PITTSFIELD -- Aspiring pharmacists, commercial pilots, physical therapists, biologists and crime scene investigators comprised a class of 47 area high school students of color honored Saturday for their forthcoming graduations.
Stepping up to receive individual recognition, the students named these and other career hopes and said they’d pursue degrees nearby, at Massachusetts College of Liberal Arts, Berkshire Community College, Williams College and Western New England College, and farther away, at University of New Haven and University of Connecticut.
Barbara Krauthamer, keynote speaker of the event, told the students that people of color too often face extra boundaries in achieving their goals because of who they are.
Some colleagues and students still subject Krauthamer, a distinguished African-American historian and UMass-Amherst professor, to undue question and skepticism in her own career, she said.
"Their opposition only fuels my desire to speak louder and to research and write more," Krauthamer said, prompting nods of approval from the many parents and guardians who attended the event, which was held in the second-floor ballroom above Spice Dragon restaurant.
Soon-to-be graduate Nyanna Slaughter, a Taconic High School student who will attend the University of New Haven, said the community provided her a support network that helped boost her confidence and establish goals.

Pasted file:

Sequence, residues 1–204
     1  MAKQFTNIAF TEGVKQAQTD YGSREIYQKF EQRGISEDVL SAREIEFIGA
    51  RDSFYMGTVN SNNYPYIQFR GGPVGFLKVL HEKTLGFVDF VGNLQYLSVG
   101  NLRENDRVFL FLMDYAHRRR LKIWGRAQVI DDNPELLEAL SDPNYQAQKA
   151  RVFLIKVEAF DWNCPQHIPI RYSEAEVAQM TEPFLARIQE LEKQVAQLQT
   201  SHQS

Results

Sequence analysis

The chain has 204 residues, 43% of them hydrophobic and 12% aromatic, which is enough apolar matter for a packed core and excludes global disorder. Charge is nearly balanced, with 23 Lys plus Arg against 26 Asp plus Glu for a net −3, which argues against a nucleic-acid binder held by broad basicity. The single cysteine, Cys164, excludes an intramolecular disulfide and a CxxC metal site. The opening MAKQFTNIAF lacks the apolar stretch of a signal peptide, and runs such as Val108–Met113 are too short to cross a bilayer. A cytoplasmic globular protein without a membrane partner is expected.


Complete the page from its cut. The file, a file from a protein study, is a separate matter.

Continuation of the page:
Slaughter said she hopes to become a crime scene investigator.
"I think Agent Slaughter has a pretty cool ring to it," she said.
The Taconic senior thanked Shirley Edgerton, program director for the state Department of Developmental Services, for running the local group Rights of Passage, where Slaughter said she found her voice.
Edgerton’s group brings together area students to discuss such themes as spirituality, self-reliance, resilience and careers.
Community leaders like Edgerton, Mayor Daniel Bianchi, state Rep. Tricia Farley-Bouvier, D-Pittsfield, Pittsfield Public Schools Superintendent Jason "Jake" McCandless, Pittsfield Police Chief Michael Wynn and others also attended to tip their caps to the
"I thank you young people simply for being you," McCandless said. "For me, you are the biggest, the truest and the most pure source of hope for a better tomorrow. So much of how Pittsfield will be, how Massachusetts will be, how America will be rests with you and your putting actions to your dreams."
"The paths you’re going to be going down are many and varied, but know that your community is behind you, we support you and we expect great things from you," Farley-Bouvier said.
Saturday’s happenings marked the ninth time the Women of Color Giving Circle, organizers of the event, held its Berkshire Graduates of Color Celebration. The organization is closing in on its 10th anniversary.
Massachusetts’ present crop of 955,739 enrolled public school students is 17 percent Hispanic, nine percent African-American, six percent Asian and 65 percent white.
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